Antonio Ray Harvey | California Black Media
From a pool of nine candidates, Mia Bonta, and Janani Ramachandran emerged as the two frontrunners in a special election held June 29 for the seat representing California’s 18th Assembly District.
A run-off election has been set for Aug. 31.
Bonta, an Alameda Unified School District School Board member, and social justice attorney Ramachandran will vie against each other to fill the seat Bonta’s husband Rob Bonta vacated when Gov. Gavin Newsom appointed him the state’s 34th Attorney General in March.
In last week’s poll, neither candidate reached the 50%-plus majority threshold to stave-off a runoff. As of July 31, Bonta had 22,551 votes (38.2%) while Ramachandran, in a distant second-place position had 14, 030 votes (23.7%).
“I’m honored and humbled by the outpouring of support from the diverse coalition we built over the course of this primary campaign,” Bonta said after preliminary results showed that she was leading Ramachandran by 40%.
“While we did not reach the 50% threshold tonight, momentum is on our side and I know we are ready to continue reaching out to earn every single vote to win in August,” she added.
Ramachandran expressed her gratitude to supporters.
“Thank you for believing that our grassroots movement for justice is winnable, because fearless progressive change is what our District wants and deserves,” said Ramachandran. “You helped us stun the political
experts who didn’t see our grassroots surge coming. Naysayers who didn’t believe in the strength of people-powered movements.”
California Secretary of State Dr. Shirley Weber’s office will certify special election results for Assembly District 18 on July 8.
Malia Vella is currently in third place with 10,049 votes (17.0%), the last candidate in the double-digit range.
AD 18 includes most of Oakland, San Leandro and Alameda. About 65% of voters there are Democrat, according to the Public Policy Institute of California. It is one of the largest bases of liberal voters in the state. Bonta and Ramachandran are both Democrats.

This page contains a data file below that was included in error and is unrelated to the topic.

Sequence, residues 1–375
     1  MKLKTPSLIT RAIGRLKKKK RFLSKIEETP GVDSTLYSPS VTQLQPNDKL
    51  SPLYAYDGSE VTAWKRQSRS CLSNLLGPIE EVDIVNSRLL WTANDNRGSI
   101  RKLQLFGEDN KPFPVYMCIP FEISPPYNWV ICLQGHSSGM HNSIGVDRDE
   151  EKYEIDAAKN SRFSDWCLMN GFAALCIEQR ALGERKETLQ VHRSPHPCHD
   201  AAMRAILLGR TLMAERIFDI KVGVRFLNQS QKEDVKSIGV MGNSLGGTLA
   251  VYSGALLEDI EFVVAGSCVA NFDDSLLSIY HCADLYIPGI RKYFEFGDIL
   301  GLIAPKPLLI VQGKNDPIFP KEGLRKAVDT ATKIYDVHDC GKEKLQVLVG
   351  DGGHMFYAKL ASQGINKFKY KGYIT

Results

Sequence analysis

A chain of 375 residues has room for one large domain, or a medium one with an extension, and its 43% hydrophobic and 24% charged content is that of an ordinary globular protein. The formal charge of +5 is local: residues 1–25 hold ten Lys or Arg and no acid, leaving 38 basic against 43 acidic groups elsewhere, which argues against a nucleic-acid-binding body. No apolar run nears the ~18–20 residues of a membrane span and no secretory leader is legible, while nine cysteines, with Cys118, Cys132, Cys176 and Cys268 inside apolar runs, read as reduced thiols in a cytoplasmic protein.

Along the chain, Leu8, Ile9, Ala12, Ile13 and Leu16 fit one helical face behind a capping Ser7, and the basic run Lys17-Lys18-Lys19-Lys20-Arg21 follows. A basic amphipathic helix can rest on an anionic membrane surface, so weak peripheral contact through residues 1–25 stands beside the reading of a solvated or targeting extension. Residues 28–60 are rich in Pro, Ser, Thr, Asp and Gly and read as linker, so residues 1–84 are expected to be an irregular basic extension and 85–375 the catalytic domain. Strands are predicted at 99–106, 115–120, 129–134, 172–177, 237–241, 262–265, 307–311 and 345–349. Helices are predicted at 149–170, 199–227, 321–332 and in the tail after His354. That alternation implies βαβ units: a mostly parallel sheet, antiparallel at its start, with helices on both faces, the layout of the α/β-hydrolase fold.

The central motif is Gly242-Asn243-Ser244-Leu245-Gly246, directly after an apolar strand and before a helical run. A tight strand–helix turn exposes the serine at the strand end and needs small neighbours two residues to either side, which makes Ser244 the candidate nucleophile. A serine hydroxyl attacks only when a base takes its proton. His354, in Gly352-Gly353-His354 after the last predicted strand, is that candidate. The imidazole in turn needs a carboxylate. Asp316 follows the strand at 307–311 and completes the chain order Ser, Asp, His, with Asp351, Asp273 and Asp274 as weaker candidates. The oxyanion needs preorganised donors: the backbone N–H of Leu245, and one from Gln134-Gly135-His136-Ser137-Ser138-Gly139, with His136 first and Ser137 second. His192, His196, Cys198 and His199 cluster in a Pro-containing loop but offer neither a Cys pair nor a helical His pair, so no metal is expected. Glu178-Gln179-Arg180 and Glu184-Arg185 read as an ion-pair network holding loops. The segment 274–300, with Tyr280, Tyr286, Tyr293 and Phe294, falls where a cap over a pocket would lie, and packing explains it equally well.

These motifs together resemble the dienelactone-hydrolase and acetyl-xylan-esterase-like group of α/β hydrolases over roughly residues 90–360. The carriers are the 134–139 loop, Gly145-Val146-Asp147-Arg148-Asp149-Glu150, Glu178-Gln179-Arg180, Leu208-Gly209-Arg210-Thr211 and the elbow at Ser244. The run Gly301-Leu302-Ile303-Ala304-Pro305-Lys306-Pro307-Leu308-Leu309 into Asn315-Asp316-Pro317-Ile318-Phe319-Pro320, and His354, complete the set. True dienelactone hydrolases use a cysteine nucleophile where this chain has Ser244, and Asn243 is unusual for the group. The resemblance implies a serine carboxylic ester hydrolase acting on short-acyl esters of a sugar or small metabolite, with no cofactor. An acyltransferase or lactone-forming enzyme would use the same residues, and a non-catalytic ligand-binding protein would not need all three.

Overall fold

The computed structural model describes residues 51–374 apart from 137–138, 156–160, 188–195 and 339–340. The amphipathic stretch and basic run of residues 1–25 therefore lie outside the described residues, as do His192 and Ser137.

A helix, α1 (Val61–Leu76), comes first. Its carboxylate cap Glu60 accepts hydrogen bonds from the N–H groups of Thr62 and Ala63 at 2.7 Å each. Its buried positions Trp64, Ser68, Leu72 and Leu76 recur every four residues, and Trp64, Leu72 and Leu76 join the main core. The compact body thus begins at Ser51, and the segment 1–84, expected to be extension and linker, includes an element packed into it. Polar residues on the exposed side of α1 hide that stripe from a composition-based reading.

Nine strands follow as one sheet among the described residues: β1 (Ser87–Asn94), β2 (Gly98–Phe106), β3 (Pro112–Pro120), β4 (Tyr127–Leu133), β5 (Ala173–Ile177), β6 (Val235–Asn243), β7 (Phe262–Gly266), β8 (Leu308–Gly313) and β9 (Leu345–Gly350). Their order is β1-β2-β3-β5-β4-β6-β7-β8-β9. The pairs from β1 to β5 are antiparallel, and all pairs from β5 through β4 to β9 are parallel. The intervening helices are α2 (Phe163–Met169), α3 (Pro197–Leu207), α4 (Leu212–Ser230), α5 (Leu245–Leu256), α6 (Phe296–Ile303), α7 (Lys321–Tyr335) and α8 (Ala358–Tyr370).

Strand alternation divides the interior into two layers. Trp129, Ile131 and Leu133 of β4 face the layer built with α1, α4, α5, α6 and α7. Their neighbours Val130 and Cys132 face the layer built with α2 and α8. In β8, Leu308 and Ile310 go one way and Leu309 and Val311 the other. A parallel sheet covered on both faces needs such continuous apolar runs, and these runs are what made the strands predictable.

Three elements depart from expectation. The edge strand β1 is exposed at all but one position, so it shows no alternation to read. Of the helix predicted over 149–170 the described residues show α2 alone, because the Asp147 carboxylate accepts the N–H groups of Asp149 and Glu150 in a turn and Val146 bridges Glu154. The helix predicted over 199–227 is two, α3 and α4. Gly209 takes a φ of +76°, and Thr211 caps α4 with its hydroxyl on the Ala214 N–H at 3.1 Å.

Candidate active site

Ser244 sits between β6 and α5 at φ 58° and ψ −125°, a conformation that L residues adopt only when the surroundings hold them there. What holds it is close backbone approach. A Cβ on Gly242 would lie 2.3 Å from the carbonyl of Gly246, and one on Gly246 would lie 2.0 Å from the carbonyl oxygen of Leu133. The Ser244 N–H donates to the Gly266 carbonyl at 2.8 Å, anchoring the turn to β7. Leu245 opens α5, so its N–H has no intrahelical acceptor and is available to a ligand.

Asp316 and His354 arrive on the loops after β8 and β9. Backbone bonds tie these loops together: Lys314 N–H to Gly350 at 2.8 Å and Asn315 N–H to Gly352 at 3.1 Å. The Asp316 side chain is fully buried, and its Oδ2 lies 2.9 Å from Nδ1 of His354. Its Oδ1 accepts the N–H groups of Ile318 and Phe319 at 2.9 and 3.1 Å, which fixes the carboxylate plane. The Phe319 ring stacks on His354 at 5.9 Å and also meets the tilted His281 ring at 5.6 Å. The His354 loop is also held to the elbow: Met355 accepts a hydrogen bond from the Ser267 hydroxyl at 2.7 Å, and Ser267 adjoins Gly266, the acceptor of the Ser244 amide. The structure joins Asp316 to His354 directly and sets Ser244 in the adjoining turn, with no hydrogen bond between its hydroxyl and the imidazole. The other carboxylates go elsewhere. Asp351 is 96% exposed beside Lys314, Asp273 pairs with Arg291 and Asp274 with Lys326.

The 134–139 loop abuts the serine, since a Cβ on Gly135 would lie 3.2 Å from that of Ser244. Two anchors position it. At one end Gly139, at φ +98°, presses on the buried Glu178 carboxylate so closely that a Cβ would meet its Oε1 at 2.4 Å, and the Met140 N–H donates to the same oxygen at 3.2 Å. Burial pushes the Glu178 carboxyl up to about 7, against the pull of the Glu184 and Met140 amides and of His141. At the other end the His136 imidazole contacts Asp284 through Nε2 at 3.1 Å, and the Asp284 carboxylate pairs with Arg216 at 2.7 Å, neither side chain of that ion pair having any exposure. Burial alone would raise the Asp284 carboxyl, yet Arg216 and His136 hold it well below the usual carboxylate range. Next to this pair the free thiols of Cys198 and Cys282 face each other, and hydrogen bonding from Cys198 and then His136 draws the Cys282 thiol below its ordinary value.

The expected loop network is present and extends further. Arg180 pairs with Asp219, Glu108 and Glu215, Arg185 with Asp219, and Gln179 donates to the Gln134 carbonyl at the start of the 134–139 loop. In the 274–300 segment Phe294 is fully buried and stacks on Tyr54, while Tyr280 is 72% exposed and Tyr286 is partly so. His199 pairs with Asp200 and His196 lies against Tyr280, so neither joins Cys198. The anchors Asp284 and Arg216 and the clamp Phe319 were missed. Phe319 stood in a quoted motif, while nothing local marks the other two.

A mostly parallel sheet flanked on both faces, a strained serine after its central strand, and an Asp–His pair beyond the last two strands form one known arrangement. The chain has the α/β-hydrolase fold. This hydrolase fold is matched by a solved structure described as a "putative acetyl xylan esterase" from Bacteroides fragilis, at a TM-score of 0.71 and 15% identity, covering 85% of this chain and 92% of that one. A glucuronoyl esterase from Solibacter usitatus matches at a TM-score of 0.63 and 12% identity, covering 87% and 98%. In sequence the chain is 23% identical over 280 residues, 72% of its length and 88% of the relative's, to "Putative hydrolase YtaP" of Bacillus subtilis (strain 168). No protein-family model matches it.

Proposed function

Depending on the results Aug. 31, Bonta, who is Afro-Latina, could join the California Legislative Black Caucus (CLBC) as the group’s 11th member.
Bonta would also be the CLBC’s first member from the Bay Area since Sandré Swanson served in the Assembly. Swanson, who represented the 16th Assembly District from 2006 to 2012, was also former Deputy Mayor of Oakland and served as chief of staff to U.S. Congresswoman Barbara Lee (D-CA-13).
The 16th Assembly District cuts across parts of Alameda and Contra Costa counties and covers Orinda and parts of Walnut Creek and the Tri-Valley.
Bonta was elected to the Alameda Unified School District School Board in 2018 and currently serves as board president. She has been endorsed by Lee; California’s junior U.S. Sen. Alex Padilla; California Treasurer Fiona Ma; Secretary of State Shirley Weber; the California Teachers Association; Service Employees International Union (SEIU) California; and Equality California.
Bonta her campaign’s message rests on three key pillars: housing, education, and addressing homelessness.
Between 2015 and 2019, the number of homeless people living in Oakland increased by 86%, according to According to U.S. Department of Housing and Urban Development (HUD)’s Point-in-Time (PIT) count of sheltered and unsheltered homeless persons. That report also reveals that 70% of the East Bay city’s homeless population are African American although Blacks account for 24% of the general population.
“I will work to secure funding for local homelessness programs in the East Bay and push for the wraparound services it takes to lift our unhoused neighbors out of poverty,” Bonta stated.
Ramachandran’s political platform includes providing affordable housing, addressing “extreme climate events,” and raising California’s wages to $22 per hour, she said.
According to Minimum-wage.org, a website that tracks minimum hourly rates around the country, California’s state minimum wage is $13.00 per hour, which is greater than the federal minimum Wage of $7.25.
The California minimum wage was last changed in 2008, when it was raised $5.00 from $8.00 to $13.00.
The current minimum per hour for employers in California with 26 or more employees, is wage $14.00, Minimum-wage.org reported.
“I will fight to raise the minimum wage in California to $22 per hour by 2022 – with a dedicated plan to support small businesses. Living wages will lift millions of California families out of poverty while strengthening our economy,” Ramachandran stated.